FIG. 10 illustrates the example packaged integrated circuit 100 of FIG. 1, 5, 6, 7, 8, or 9 in an example environment of use, namely, in an example wireless communication device 1000. The example wireless communication device 1000 may be a mobile telephone (e.g., a cell phone, a wireless messaging device, etc.), a pager, a laptop computer, a wireless game device, a digital audio player, etc. The example wireless communication device 1000 includes a processor 1002, a packaged integrated circuit 1003, which may be any of the example packaged integrated circuits described herein, a display 1008, an interface 1010 (e.g., buttons, a touch screen, etc.), and a microphone 1012, all of which may be communicatively coupled to the example processor 1002. In the illustrated example, the wireless communication device 1000 includes a speaker 1013 that is communicatively coupled to the example processor 1002. The example wireless communication device 1000 also includes a wireless communication transceiver 1014 that is communicatively coupled to an antenna 1016. In the example of FIG. 10, the packaged integrated circuit 1003 may implement any suitable device associated with the operation of the wireless communication device 1000 (e.g., an amplifier, a transceiver, a processor, a power regulator, a phase lock loop, etc.).

FIG. 11 is a block diagram of another example system 1100 capable of implementing the apparatus and methods disclosed herein. The system 1100 can be, for example, a server, a personal computer, a personal digital assistant (PDA), an Internet appliance, a DVD player, a CD player, a digital video recorder, a personal video recorder, a set top box, or any other type of computing device.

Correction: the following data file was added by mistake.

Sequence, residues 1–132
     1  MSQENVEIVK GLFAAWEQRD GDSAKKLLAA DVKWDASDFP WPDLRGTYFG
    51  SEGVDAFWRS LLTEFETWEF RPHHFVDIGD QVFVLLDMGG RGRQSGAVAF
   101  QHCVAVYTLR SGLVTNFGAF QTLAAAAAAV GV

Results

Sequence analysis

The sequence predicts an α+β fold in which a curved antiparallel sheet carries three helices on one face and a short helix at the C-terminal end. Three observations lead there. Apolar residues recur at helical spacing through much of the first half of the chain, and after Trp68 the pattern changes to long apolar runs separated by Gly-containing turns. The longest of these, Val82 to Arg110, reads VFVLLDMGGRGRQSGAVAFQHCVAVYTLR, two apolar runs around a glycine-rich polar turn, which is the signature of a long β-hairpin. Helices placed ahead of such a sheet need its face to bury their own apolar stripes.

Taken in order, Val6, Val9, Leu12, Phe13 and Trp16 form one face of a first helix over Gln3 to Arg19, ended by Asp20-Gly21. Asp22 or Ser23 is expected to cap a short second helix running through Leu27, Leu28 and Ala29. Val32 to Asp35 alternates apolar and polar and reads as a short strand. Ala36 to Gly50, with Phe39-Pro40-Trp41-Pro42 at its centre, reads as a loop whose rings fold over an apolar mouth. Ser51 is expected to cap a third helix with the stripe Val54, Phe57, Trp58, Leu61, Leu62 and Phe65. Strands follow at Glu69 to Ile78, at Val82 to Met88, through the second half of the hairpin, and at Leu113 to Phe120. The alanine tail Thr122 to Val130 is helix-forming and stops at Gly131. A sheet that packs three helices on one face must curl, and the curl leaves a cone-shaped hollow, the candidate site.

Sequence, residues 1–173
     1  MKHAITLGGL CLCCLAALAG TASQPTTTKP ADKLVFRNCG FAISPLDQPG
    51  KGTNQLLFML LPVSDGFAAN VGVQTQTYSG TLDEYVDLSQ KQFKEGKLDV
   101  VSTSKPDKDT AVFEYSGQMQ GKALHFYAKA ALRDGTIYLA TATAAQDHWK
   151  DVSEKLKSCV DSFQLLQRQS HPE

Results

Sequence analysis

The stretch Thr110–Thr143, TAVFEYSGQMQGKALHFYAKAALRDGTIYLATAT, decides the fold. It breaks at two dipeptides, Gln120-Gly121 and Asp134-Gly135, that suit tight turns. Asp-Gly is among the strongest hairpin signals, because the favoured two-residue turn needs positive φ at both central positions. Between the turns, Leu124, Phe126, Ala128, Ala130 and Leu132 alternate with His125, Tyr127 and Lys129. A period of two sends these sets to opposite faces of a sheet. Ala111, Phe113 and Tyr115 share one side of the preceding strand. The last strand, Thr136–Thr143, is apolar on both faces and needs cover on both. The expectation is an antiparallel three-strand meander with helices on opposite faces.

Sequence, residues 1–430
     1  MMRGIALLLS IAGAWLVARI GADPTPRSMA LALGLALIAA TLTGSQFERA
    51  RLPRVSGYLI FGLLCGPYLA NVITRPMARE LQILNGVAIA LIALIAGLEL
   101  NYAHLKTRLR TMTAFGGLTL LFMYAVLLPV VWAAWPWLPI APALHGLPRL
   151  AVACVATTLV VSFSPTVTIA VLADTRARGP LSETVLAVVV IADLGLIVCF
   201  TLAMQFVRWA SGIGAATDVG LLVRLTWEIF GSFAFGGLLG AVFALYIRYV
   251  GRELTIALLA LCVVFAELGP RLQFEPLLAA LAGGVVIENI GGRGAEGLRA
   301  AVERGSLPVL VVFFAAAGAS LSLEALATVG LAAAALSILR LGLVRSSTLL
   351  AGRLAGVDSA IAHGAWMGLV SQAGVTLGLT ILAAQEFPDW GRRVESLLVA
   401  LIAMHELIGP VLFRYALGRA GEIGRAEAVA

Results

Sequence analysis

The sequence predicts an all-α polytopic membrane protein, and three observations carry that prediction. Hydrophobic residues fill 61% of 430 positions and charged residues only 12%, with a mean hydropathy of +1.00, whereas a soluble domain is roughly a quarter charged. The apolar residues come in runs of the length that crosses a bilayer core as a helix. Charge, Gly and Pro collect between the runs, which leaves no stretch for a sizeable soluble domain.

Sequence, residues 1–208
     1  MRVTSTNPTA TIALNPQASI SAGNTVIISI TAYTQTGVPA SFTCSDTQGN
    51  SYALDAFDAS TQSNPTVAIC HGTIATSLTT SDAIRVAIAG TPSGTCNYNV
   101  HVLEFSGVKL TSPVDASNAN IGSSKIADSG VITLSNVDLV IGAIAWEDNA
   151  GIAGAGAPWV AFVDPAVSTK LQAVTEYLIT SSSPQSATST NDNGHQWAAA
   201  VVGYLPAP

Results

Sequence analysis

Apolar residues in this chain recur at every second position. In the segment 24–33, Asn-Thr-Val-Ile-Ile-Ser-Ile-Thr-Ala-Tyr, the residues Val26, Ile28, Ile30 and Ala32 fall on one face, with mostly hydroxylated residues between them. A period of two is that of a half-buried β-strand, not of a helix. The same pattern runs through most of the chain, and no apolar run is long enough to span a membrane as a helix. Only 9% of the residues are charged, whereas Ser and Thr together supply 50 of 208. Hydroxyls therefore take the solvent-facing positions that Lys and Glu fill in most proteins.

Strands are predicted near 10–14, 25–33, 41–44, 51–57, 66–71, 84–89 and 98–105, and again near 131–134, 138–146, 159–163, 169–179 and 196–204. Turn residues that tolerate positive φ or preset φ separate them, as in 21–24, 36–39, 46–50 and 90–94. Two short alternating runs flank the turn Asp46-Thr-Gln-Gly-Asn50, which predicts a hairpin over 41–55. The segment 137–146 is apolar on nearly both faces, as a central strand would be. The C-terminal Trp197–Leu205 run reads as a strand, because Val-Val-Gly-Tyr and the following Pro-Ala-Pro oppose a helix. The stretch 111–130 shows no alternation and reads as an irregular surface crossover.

The system 1100 of the instant example includes a processor 1112 such as a general purpose programmable processor. The processor 1112 includes a local memory 1114, and executes coded instructions 1116 present in the local memory 1114 and/or in another memory device. The processor 1112 may execute, among other things, machine readable instructions. The processor 1112 may be any type of processing unit, such as one or more microprocessors from the Texas Instruments OMAP® family of microprocessors. Of course, other processors from other families are also appropriate.

The processor 1112 is in communication with a main memory including a volatile memory 1118 and a non-volatile memory 1120 via a bus 1122. The volatile memory 1118 may be implemented by Static Random Access Memory (SRAM), Synchronous Dynamic Random Access Memory (SDRAM), Dynamic Random Access Memory (DRAM), RAMBUS Dynamic Random Access Memory (RDRAM) and/or any other type of random access memory device. The non-volatile memory 1120 may be implemented by flash memory and/or any other desired type of memory device. Access to the main memory 1118, 1120 is typically controlled by a memory controller (not shown).

The system 1100 also includes an interface circuit 1124. The interface circuit 1124 may be implemented by any type of interface standard, such as an Ethernet interface, a universal serial bus (USB), and/or a third generation input/output (3GIO) interface. One or more input devices 1126 are connected to the interface circuit 1124. The input device(s) 1126 permit a user to enter data and commands into the processor 1112. The input device(s) can be implemented by, for example, a keyboard, a mouse, a touchscreen, a track-pad, a trackball, an isopoint and/or a voice recognition system.